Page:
How the microchip sector is dealing with supply chain and logistics shortage and disruptions
With roughly one in 10 chips used in electronics globally coming from Singapore, the manufacturing industry in the island-state has evolved to become one of the world’s most advanced over the years.
Singapore has ambitions to grow its manufacturing industry by 50% by 2030, with the semiconductor segment positioned to lead this expansion.
However, supply chain and labor disruptions caused by COVID-19 had led to a worldwide chip shortage crisis which was only further compounded by ongoing trade tensions between US-China and conflict in Russia.
Analysts and experts predict that the shortage supply will end in 2023. Pall Corporation aims to address the supply and demand issues of microchips by breaking new ground at its US$100M new manufacturing facility in Singapore that will double the manufacturing capacity of chips for Pall globally.
DigiconAsia caught up with Naresh Narasimhan, President, Pall Corporation, to discuss these developments.
In your opinion, what are the trends that will shape the semiconductor industry for the next 5 to 10 years?
Naresh Narasimhan (NN): There are a few key trends that we see will shape the semiconductor industry, in terms of the increasing demand for smart devices; need for sustainable production methods; importance in cultivating a talent pool; and growth in APAC’s semiconductor market share.
Firstly, we are likely going to see an acceleration of technological progress. The foundations for connectivity and automation have already begun with the building of 5G networks and Internet of Things. As 5G networks become more reliable and widespread, high stakes applications for IoT technology have become increasingly central across healthcare, manufacturing, and automotive industries, among others, driving an urgent need for advanced semiconductors. Electric vehicles, for instance, use anywhere from two to three times the number of microchips a regular combustion engine vehicle.
As demand for semiconductors continues to increase due to emerging technologies, semiconductor production would need to increase. This would cause a massive surge in energy consumption and water usage. As a company committed to sustainable production, Pall is committed to helping our customers minimize their carbon footprint, maximize recycling and waste reduction efforts and ensure the most efficient utilization of natural resources and raw materials through environmentally responsible technologies.
We expect APAC to have an increased market share in the global semiconductor industry, with the global market of semiconductors to exceed a value of US$1 trillion by 2030 (source: Deloitte). This growth demand for semiconductors in APAC necessitates strategies that will bring us closer to Asia. This means setting up infrastructure in Asia including talent development in this highly niche and specialized field. There is an increasing importance in cultivating a talent pool with a shortage of talent in the semiconductor industry. Singapore has a talent pool with skilled workers who have highly advanced degrees. Pall aims to hire more than 300 employees in science, engineering, and manufacturing experience, as well as include training, developing new talent to enable transfer of knowledge.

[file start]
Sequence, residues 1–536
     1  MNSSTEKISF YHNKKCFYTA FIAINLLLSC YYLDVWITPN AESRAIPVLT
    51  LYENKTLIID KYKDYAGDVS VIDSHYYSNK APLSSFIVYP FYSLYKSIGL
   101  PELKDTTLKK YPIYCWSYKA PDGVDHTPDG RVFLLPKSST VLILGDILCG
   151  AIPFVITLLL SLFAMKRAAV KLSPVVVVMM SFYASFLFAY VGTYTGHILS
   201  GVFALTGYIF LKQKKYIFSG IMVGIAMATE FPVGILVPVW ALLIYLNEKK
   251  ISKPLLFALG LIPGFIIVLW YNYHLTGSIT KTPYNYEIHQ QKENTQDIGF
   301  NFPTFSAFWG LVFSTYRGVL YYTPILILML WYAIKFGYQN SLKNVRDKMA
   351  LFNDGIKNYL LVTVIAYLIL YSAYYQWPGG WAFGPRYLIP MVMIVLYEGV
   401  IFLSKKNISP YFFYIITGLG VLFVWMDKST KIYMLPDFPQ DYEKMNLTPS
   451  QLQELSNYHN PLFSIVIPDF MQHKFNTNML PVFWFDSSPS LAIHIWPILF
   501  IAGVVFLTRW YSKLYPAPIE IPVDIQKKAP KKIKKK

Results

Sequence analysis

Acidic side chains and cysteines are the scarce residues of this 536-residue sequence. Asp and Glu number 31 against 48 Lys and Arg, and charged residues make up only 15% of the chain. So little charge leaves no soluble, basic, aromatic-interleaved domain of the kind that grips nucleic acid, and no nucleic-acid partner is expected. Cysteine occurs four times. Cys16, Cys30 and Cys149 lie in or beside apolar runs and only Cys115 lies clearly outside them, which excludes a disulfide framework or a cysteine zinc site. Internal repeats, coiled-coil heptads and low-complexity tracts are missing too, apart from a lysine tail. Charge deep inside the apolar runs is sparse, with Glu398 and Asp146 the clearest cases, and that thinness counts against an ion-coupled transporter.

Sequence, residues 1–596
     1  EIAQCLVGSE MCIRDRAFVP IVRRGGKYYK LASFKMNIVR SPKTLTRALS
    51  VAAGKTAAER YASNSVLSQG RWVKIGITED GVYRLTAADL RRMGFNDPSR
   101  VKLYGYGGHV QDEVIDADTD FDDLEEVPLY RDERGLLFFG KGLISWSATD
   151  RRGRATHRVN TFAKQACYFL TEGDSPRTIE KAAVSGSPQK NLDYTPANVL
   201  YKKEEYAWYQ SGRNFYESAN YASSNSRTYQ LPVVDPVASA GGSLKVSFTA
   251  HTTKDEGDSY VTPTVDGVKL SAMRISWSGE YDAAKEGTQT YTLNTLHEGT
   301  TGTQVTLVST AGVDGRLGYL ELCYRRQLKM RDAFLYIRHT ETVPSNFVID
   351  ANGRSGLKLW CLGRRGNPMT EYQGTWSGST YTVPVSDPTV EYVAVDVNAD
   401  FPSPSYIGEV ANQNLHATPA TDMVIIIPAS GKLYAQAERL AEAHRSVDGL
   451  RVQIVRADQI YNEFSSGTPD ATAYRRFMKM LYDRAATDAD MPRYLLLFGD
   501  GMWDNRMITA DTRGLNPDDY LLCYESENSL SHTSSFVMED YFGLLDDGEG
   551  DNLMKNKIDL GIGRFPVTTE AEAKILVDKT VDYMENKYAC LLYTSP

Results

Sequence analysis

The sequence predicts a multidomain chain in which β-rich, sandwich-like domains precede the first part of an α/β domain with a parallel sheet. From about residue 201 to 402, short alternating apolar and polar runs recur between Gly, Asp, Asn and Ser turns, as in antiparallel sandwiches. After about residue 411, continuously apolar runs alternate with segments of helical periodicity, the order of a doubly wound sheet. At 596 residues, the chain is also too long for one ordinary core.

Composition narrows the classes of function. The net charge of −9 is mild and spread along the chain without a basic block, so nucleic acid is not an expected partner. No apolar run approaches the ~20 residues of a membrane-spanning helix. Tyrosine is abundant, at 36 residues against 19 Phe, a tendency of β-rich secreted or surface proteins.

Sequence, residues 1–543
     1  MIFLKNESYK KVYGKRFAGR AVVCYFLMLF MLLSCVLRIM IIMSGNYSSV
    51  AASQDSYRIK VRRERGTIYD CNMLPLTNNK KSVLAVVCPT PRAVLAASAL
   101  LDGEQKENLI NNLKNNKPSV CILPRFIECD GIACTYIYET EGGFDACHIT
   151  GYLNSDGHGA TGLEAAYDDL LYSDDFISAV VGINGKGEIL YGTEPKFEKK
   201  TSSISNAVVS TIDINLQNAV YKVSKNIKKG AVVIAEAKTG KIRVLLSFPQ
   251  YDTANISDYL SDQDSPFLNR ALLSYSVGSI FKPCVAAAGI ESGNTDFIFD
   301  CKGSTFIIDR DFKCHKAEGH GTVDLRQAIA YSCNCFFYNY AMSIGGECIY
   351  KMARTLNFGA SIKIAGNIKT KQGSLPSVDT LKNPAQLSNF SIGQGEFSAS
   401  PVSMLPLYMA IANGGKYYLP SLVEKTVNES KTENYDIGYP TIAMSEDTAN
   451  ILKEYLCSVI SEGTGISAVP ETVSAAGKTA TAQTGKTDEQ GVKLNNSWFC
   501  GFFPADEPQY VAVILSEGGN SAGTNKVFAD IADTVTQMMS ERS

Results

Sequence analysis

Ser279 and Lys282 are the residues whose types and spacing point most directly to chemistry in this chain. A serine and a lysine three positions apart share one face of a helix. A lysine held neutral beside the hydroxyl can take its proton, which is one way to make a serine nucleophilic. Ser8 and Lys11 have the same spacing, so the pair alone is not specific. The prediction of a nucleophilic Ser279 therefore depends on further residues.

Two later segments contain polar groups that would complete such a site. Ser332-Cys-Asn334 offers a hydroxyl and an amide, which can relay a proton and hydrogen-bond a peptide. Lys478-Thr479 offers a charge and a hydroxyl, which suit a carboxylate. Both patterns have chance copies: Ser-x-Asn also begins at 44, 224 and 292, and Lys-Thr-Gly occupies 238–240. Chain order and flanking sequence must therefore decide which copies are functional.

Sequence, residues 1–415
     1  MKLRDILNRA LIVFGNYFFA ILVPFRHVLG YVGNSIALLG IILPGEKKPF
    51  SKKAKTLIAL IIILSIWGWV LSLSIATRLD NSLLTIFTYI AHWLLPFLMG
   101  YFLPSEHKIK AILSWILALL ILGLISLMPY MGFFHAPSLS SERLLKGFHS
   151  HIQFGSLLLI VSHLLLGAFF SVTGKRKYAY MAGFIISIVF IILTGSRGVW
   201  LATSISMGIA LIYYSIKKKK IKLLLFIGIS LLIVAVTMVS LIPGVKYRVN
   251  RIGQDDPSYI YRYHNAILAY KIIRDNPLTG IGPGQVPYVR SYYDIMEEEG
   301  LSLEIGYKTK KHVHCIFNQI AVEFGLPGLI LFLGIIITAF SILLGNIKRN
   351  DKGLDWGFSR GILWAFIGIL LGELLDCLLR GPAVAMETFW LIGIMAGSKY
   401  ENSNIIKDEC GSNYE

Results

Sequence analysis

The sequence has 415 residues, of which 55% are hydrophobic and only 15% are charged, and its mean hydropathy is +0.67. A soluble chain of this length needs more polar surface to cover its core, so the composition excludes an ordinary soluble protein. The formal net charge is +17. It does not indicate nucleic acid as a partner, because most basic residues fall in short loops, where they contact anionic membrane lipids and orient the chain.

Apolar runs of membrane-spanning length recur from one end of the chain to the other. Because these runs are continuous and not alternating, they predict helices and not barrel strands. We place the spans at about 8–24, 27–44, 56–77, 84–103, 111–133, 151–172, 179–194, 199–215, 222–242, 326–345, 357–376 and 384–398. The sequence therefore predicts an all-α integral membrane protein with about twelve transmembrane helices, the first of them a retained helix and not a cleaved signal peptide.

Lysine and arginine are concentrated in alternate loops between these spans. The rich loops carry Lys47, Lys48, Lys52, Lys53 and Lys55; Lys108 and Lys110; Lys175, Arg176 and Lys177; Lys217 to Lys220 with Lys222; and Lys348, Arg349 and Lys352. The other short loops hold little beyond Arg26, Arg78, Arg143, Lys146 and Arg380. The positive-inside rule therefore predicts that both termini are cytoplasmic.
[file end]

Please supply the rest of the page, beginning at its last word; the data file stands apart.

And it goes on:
What are the main challenges when it comes to the semiconductor manufacturing processes? How do you believe these challenges can be overcome?
NN: The main challenges would be in ensuring that the manufacturing process is contaminant-free.
Mega trends such as the accelerating technology adoption for “smart” devices, which use artificial intelligence, and the rise of electric vehicles are creating exponential growth of demand for high-performing semiconductor chips. As the demand for 5G, AI and IoT devices continue to grow, so will the need for more advanced chips with increased performance and energy efficiency. These in turn requires sophisticated filtration and purification solutions to produce.
As chip designs continue to evolve, advanced nodes shrink, and come in sizes and geometrics which are more complex. The manufacturing processes to produce chips become more complicated and, in turn, becomes more sensitive to potential contamination. The raw material used to manufacture these chips must have the highest level of purity to reduce defects, especially in applications such as medical devices and automotive, where latent defects can be quite costly.
There are impurities in each step of the process, which can result in more chemical usage, costly downtime, and significant reduction in yield. This means that advanced node semiconductor manufacturing requires extremely clean fluid streams, driving greater need for high-end filtration and purification solutions – that Pall provides.
Could you provide us with an overview of the latest technologies to be shaped from the solutions that your new facility provides?
NN: First off, Pall does not manufacture semiconductor chips. Pall is part of the value chain and plays a crucial role in ensuring that semiconductor chips are manufactured to high standards and quality.
Specifically, we produce lithography and wet-etch filtration, purification and separation solutions that will help meet the demand for advanced node chips.
As mentioned earlier, the manufacturing processes to produce chips is increasingly more complex. The raw material used to manufacture these chips must have the highest level of purity to reduce defects, especially in applications such as medical devices and automotive, where latent defects can be quite costly. Pall’s solutions ensure that the chips produced using our filtration technology and solutions are of the highest purity.